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News digest – ‘hibernating’ humans, 10 portions of fruit and veg, ‘hidden sugar’ and… rabbits?

by Aine McCarthy | Analysis

25 February 2017

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  • The week started with headlines in the Daily Mail, the Sun, the Times and the Telegraph following claims by scientist at a US conference that ‘putting patients in to hibernation’ will help cure cancer. This was misleading in many ways, as we explain in our blog post, because there’s no evidence to back up these claims, or that people can even be made to hibernate.
  • Breast cancer patients are being ‘denied a 43p drug’, according to the Daily Mail. The drugs, called bisphosphonates, are usually used to treat bone disease and there is evidence that they could help stop breast tumours spreading to the bone. England’s Cancer Strategy calls for clear guidelines about when these drugs should be used to treat cancer and how they will be paid for.
  • A one-off screening test called bowel-scope can reduce the risk of developing bowel cancer by a third, according to a study we part-funded. The 17-year follow-up results, which were reported in the Guardian and the Express, found that, although no screening test is perfect, the benefits of bowel scope seem to last. We blogged about the findings.
  • The Sun and the Mirror reported a study predicting that death rates for men in Europe will fall faster than in women. The study’s authors believe the variation is due to the different trends in lung and other tobacco-related cancers between men and women, something we’ve written about before.

Number of the week


The number of fruit and veg portions a new study recommends we should eat a day.

  • BBC Radio 4 presenter Steve Hewlett died on Monday at the age of 58. Diagnosed with oesophageal cancer in March of this year, the veteran presenter shared his journey and experiences with the nation through a series of interviews.
  • Headlines in the Daily Mail, BBC News and the Guardian reported that eating 10 portions of fruit and veg a day could help you live longer by reducing your chances of developing heart disease, cancer and other diseases. It’s not new news that eating plenty of fruit and vegetables every day is beneficial for you, and can also help people maintain a healthy weight.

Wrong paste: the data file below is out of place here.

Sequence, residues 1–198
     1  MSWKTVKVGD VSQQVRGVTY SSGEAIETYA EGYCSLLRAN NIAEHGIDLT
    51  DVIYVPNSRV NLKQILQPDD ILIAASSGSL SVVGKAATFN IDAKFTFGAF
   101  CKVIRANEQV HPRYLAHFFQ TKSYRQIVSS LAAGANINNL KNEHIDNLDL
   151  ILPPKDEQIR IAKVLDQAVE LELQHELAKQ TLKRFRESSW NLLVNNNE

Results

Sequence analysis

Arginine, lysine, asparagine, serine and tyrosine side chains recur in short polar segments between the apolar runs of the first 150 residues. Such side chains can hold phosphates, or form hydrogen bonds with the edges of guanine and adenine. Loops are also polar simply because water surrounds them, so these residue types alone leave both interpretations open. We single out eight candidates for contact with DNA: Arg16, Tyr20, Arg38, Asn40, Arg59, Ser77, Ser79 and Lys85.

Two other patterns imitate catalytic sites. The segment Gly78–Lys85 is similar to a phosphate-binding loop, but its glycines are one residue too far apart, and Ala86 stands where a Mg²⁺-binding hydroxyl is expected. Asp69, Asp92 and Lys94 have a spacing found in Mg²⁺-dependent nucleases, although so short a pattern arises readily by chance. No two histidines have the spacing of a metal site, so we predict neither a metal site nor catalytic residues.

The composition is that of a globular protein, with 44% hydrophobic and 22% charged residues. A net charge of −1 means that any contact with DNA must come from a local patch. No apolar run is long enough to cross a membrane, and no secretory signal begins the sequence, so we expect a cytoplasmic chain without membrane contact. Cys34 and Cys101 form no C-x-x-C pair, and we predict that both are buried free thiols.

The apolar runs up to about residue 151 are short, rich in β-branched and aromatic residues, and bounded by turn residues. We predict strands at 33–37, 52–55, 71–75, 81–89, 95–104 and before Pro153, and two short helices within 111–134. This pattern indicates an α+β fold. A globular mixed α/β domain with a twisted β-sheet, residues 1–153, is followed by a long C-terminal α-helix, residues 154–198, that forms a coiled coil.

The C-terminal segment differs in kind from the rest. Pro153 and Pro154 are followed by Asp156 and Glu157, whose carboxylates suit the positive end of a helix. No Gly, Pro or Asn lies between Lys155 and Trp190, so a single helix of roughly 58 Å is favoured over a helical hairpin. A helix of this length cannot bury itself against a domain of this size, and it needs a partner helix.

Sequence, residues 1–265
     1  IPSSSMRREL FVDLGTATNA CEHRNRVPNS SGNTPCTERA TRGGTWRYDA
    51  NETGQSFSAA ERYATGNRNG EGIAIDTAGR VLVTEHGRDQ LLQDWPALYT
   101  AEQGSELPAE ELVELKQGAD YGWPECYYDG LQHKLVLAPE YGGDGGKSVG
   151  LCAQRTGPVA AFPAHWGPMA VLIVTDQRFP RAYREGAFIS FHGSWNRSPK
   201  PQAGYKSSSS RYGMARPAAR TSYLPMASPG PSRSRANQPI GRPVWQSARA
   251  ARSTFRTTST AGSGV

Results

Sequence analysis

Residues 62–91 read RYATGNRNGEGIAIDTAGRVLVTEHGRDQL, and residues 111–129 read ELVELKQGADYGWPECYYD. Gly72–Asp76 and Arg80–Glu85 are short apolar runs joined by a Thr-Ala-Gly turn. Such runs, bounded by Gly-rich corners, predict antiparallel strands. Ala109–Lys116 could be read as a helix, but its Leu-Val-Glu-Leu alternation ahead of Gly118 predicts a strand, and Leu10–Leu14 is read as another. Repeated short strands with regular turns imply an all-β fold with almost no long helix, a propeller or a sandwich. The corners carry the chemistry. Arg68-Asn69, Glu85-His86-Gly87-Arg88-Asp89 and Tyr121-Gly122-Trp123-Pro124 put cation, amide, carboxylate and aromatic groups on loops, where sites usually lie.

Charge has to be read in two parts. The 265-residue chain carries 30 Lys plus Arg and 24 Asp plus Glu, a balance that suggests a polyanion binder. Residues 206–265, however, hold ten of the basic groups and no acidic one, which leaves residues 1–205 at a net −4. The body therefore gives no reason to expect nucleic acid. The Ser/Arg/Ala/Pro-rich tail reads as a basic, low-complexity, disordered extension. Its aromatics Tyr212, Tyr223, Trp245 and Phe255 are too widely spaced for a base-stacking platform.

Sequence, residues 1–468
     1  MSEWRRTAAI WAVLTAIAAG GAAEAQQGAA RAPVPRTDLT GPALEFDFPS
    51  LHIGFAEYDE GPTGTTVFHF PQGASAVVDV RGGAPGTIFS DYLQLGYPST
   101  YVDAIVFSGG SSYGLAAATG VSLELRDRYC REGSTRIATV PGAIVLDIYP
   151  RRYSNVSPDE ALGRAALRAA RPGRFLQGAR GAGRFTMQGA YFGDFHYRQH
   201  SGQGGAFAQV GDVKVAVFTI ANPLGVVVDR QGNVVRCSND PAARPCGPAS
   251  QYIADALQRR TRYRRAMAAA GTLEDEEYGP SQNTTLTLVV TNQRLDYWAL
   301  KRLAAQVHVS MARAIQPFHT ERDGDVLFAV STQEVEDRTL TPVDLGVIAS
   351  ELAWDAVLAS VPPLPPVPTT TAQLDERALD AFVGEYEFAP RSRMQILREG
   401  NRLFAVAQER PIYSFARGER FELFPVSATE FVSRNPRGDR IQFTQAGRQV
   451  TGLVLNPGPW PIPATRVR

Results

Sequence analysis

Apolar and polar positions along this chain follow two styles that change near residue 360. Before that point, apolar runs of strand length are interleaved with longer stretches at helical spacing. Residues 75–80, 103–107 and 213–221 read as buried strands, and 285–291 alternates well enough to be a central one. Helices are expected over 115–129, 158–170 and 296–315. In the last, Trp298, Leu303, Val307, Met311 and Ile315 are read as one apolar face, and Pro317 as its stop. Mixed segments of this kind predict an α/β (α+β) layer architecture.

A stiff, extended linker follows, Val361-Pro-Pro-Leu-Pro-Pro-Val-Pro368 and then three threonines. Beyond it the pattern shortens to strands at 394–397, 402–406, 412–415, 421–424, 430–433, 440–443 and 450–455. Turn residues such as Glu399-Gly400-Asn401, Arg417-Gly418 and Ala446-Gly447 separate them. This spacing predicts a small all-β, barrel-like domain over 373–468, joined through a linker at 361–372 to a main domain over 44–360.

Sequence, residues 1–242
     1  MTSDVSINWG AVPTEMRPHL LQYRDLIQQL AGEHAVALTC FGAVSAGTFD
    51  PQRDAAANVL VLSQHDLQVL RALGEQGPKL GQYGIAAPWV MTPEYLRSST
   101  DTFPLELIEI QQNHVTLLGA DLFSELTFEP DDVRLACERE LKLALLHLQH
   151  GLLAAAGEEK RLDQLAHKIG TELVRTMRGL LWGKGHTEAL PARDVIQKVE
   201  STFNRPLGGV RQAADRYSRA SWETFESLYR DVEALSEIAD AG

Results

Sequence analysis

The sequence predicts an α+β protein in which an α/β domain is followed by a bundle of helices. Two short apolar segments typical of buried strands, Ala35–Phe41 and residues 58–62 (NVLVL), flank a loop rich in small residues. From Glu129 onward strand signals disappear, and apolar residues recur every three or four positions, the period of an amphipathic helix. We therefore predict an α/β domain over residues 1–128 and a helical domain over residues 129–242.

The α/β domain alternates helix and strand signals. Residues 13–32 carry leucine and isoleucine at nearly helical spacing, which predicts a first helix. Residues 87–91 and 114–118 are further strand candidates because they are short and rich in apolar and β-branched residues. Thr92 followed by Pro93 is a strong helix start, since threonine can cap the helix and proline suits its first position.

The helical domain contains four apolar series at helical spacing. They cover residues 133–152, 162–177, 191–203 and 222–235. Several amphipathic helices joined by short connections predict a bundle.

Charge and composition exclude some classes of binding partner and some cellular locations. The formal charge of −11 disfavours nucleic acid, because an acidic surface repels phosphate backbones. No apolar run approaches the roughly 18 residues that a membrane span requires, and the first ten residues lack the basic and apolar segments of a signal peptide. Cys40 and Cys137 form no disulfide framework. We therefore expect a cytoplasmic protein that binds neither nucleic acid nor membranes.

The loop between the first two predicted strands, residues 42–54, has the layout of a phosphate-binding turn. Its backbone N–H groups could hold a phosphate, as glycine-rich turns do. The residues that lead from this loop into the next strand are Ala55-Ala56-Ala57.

• Keeping with diet, a report published by the Obesity Health Alliance warns that children are eating the equivalent of 20 chocolate-chip biscuits a day in hidden sugars. Last year, as part of their childhood obesity plan, the Government pledged to reduce sugar content by 20% in 9 major food types that children eat by 2020. Following this report, public health experts are calling for this to happen in full, and soon. The Telegraph, the Guardian and the Mirror have more on this.
  • Exercising for at least 30 minutes a day can help reduce the risk of breast cancer returning, according to a review of 67 published studies. It’s important to remember that doing this, and other things such as drinking less alcohol and maintaining a healthy weight can also reduce a person’s risk of developing cancer in the first place.

And finally

  • You may have read reports that rabbits ‘could be the secret weapon in the fight against cancer’. They’re not. Instead, a study  found that a virus which only infects rabbits could potentially be used as a way to treat multiple myeloma, a type of cancer that starts in the bone marrow, by boosting the immune system. But this is early stage lab research carried out in mice, so more work is needed before scientists can know if this is safe to test in people with the disease.